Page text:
When it comes to the former, Cave likens Soundsuits to couture in terms of craft.
“We can look at couture in terms of ways in which things are constructed, the ways in which things are built, the level of adornment, embellishment, construction, how things are put together,” he says. “The infrastructures of what supports some of these shapes and forms and just the physical handwork in building a sculpture. It’s not that anything is just two dimensional. Cloth becomes three dimensional. So it’s really about building with the proper principles of how to construct and build a garment.”
Earlier this year, as evidence of the Soundsuits inspiring fashion, Cave created an 80-look fashion collection, which debuted at Chicago’s DuSable Museum of African American History, as a result of what he labeled a “call and response” to the Soundsuits’ impact. Those pieces will appear in a fashion film titled “The Color Is, 137 Days,” which will premiere at the Guggenheim in February, though the garments themselves won’t be part of the exhibit.
What will be part of the exhibit, are pieces from “the beginning of a new body of work titled ‘Soundsuit 2.0,'” Cave says.
“[These] really started right before [the murder of] George Floyd happened and then when [it] happened that whole idea was then covered in a black veil of sorts, so those are in the show,” he says. “But at the same time, I just completed my first 12-foot bronze Soundsuit [also not on display at ‘Forothermore’ because, in Cave’s words, ‘it didn’t fit through the door].’ So now I’m thinking about bronze and thinking about public space and again thinking of the ways in which it could find its way out of institutions into public spaces. At the same time, the dismantling of monuments was coming down, so it’s all sort of this transition of the was, the new and the rise of the phoenix.”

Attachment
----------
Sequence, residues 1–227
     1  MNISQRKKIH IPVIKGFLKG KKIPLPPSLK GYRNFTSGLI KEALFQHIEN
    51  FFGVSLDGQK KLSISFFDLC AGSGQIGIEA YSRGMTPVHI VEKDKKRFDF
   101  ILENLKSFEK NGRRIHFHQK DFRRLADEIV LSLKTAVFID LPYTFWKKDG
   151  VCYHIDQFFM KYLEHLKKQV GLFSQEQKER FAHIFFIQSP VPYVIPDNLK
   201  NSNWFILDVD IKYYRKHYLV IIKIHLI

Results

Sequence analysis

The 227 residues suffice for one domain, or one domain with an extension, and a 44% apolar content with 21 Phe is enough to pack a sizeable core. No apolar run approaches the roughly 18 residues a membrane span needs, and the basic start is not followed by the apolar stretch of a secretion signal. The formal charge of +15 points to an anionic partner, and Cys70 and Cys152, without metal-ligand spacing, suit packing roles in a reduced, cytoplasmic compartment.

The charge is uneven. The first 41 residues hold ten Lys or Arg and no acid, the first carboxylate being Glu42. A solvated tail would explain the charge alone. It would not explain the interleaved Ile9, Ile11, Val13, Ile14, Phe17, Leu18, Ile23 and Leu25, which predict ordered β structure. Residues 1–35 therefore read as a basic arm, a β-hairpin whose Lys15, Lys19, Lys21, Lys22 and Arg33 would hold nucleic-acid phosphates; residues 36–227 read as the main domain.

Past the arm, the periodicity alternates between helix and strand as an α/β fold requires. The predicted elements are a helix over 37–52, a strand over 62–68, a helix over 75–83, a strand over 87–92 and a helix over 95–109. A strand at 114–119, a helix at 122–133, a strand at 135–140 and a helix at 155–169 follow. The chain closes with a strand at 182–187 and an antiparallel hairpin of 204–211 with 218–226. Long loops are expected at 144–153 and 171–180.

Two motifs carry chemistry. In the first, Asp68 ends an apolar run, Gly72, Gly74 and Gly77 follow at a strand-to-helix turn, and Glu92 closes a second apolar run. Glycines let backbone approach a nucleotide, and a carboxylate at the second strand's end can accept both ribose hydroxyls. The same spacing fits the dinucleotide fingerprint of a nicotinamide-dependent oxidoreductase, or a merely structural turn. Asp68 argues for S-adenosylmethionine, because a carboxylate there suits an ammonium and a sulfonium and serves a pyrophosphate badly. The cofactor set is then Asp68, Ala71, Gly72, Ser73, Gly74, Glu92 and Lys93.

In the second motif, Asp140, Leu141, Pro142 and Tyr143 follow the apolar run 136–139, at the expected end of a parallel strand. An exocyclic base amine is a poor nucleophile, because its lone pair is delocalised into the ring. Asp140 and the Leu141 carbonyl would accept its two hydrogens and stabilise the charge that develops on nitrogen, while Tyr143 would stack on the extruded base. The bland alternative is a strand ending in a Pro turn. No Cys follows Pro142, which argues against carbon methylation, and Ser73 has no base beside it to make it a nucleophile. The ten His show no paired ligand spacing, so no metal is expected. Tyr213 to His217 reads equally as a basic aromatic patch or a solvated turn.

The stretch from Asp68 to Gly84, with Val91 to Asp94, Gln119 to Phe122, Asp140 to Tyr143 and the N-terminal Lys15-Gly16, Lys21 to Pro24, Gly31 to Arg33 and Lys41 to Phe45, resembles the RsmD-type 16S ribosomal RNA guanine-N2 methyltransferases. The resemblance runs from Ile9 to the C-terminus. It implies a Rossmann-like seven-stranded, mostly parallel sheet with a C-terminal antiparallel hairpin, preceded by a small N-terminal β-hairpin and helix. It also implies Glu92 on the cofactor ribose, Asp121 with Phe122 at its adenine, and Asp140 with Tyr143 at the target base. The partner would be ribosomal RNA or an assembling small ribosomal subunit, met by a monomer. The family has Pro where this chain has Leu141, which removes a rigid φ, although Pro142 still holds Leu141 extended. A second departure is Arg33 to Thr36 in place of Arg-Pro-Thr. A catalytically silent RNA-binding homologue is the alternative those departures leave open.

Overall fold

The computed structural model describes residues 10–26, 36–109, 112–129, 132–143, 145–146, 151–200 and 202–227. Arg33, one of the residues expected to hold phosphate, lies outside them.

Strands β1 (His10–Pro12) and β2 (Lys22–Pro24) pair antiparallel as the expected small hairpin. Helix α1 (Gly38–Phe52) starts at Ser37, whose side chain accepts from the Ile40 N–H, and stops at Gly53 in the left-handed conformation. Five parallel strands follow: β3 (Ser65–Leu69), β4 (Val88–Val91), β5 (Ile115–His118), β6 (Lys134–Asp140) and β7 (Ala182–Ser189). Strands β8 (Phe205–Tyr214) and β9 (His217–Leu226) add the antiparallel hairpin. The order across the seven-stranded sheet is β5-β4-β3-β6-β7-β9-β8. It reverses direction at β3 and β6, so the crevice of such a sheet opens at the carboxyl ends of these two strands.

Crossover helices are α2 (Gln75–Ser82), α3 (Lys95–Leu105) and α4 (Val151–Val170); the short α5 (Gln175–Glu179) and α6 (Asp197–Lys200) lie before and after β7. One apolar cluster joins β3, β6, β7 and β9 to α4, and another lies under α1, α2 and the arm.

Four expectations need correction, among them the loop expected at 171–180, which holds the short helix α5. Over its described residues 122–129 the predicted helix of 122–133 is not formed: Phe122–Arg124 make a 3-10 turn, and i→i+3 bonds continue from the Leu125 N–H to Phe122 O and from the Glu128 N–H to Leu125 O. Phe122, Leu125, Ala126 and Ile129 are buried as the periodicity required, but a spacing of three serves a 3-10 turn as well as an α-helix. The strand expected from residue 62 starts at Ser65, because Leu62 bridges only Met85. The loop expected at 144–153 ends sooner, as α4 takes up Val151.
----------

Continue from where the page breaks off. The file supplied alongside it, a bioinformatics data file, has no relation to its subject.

“Forothermore” is on exhibit at the Guggeheim will run through April 10.
The ideal audience for Cave?
“Everyone,” he says, adding, “As an artist, museums should be accessible to everyone. At the end of the day I mean, that’s why they’re here.”
For Beckwith, “Forothermore” has been just the right foray.
“When I took on this amazing position at the Guggenheim, I knew it would be important to signal my values for my first show,” she says. “Nick and his work is the perfect encapsulation of the things I care deeply for: championing the marginalized, valuing art that intersects with performance and social life, celebrating art from the center of the country. But above all, his work and mine acknowledges that there is a lot of love, joy and beauty in our Black communities, even in the face of hate and violence. We simply want to share that joy.”